Uyen is my most favorite snack ever since childhood. I’m not exactly sure where the word Uyen came about, but my mom said, this snack belongs to the Hakka community. The Indonesian language is called Talas goreng. Talas is basically a Taro. I called it fried taro cluster because the grated taro strips that is mixed with corn starch and other ingredients is then formed into cluster before being deep-fried. It is usually served with chili sauce.
I missed it so much lately and reminiscing our trip back to my hometown 2 years ago. My father-in-law brought us to this little shop that sold Uyen and other stuff like Pecel, Gado-gado, etc. Uyen is normally eaten together with Pecel. Almost like a salad with croutons. The Uyen gives that crunch. The contrast of texture between the Pecel and Uyen is just awesome. As a matter of fact, the Uyen at this shop is well-known in our hometown. The Uyen was hot from the wok when we arrived and boy did they taste sooooo good. Such a simple food can deliver so much ecstasy. Simplicity at its best!
I finally get this wonderful recipe from my mom’s friend. This recipe is THE BOMB I must say. Can I say it taste as good as the one I taste in Medan? I almost want to say yes! This was actually someone’s secret recipe that was kept for years. She finally revealed it to my mom’s friend and now here it is….on my hand…huahahaha! (devil’s laugh). Well, enough said…. let’s get busy…..eating that is!!!
Hubby just asked me “when do I get to eat these again?” lol
- 12 oz peeled taro (grated)
- 1 Tbsp ground soy bean paste (tau cheo)
- 1 tsp of grated fresh ginger
- 3 Tbsp of corn starch (this may vary depending on the water content of the taro itself)
- 1 tsp salt
- Vegetable oil for deep-frying
- 20 dried red chilis (soaked for at least 30 minutes)- add more or less to adjust the spiciness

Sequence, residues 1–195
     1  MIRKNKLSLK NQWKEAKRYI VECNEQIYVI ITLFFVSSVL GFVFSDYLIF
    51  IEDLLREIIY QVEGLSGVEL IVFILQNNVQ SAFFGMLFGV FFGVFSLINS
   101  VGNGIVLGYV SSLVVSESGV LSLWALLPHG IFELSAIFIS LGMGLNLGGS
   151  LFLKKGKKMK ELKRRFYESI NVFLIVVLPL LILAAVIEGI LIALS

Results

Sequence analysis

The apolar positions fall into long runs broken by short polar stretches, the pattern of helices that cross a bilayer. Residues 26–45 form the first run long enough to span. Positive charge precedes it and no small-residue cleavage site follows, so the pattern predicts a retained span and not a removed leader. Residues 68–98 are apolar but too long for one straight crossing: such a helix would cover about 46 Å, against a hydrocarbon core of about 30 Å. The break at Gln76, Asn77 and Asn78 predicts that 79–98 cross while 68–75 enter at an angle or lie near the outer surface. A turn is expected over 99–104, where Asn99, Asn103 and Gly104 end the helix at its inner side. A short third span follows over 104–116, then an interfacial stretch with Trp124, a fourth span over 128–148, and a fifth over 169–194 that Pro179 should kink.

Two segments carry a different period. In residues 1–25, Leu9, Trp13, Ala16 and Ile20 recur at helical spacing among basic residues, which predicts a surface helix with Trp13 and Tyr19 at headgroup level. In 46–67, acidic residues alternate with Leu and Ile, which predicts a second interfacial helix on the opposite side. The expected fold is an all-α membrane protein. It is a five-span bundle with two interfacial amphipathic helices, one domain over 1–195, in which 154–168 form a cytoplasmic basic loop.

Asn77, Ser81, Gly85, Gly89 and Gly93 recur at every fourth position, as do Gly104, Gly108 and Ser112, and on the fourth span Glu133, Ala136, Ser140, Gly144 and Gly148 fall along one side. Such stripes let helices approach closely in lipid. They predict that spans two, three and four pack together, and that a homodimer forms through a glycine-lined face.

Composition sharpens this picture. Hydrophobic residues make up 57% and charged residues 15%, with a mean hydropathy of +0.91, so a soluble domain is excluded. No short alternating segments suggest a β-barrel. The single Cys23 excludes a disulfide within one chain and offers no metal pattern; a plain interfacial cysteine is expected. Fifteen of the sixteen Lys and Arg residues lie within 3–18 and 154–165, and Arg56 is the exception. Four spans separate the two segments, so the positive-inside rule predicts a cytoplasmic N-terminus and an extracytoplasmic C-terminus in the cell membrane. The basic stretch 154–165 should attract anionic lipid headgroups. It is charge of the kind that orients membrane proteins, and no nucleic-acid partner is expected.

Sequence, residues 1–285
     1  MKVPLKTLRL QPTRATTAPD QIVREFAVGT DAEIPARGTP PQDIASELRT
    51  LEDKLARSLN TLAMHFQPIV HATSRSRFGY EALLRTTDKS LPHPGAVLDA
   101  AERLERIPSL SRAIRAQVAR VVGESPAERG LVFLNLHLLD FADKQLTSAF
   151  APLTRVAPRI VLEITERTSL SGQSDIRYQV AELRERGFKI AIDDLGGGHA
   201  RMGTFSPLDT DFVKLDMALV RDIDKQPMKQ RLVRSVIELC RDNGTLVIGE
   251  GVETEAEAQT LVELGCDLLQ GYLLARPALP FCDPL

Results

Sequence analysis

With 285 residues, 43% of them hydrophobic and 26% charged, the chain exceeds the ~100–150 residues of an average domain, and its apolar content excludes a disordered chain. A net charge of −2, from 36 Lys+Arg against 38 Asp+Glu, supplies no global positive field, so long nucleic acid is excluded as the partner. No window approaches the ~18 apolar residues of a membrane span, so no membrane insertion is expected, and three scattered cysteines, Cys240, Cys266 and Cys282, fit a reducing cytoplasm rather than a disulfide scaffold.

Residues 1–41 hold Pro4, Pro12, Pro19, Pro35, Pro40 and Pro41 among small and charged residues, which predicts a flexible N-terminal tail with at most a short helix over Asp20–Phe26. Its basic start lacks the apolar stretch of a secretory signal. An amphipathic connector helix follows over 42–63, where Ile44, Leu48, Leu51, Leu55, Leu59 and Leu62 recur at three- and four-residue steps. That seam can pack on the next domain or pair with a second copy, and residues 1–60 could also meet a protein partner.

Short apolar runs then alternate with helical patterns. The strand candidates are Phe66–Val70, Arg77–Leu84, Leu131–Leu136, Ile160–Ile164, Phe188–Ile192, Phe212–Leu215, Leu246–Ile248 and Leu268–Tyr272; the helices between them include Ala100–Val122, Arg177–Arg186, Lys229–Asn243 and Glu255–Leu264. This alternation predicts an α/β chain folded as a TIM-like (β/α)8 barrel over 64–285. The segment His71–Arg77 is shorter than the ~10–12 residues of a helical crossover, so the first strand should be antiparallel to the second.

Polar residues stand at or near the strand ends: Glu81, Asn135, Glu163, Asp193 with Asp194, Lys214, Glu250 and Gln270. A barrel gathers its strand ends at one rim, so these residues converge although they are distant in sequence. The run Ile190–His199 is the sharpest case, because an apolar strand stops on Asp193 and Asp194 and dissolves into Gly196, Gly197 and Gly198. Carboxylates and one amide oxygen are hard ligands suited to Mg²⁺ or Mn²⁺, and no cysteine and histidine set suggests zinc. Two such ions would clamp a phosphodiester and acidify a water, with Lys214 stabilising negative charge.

- 3 cloves garlic
- 3.5 oz (100 g) sugar
- 1 Tbsp vinegar
- 1 Tbsp fish sauce or more to taste
- 1/2 cup of coriander leaves with its stalk
- 1/4 cup water
To prepare the chili sauce: Ground all of the Chili's ingredients, using your food processor until they are fine. Pour to a sauce pan and bring it to boil and then lower the heat and simmer until all the sugar has dissolved (It won't be grainy anymore when you stir it)
Mix the washed Taro (using method mentioned in notes below) with the ground soy bean, grated ginger and corn starch. Mix them well. The mixture should be somewhat lumpy and you need to see if they hold up pretty nicely when you spoon it up to form a ball. It won't be a perfect ball and don't sweat it. Add more corn starch if you feel that the mixture is too dry and falling apart when you try to shape it. Kinda squeeze it together to form a ball with your palm
Heat generous amount of oil for deep-frying. Once the oil is hot enough, lower it to medium and drop one spoonful of the mixture in and fry until golden brown. If your heat is too high, it will brown quickly outside and uncooked inside. Have a taste of the one you just fried when it's cool enough and adjust seasoning if needed. Then continue to fry the rest of the mixture
Recipe NotesWORKING WITH TARO ROOT: Direct contact with Taro may cause itchiness to your skin especially if your hands are wet. I wear gloves while peeling the skin off the Taro. Another trick you can do is by applying vinegar to your hands if you choose not to wear gloves. WASHING THE TARO ROOT: Now, you do not want to use water to wash the Taro. As I mentioned above, water and Taro equals to itchy skin. Mix the grated Taro with 1 Tbsp of salt and knead it as you are kneading a dough. Squeeze out the excess water from the Taro (Taro naturally contains water) as much as you can and discard the excess liquid. Set aside.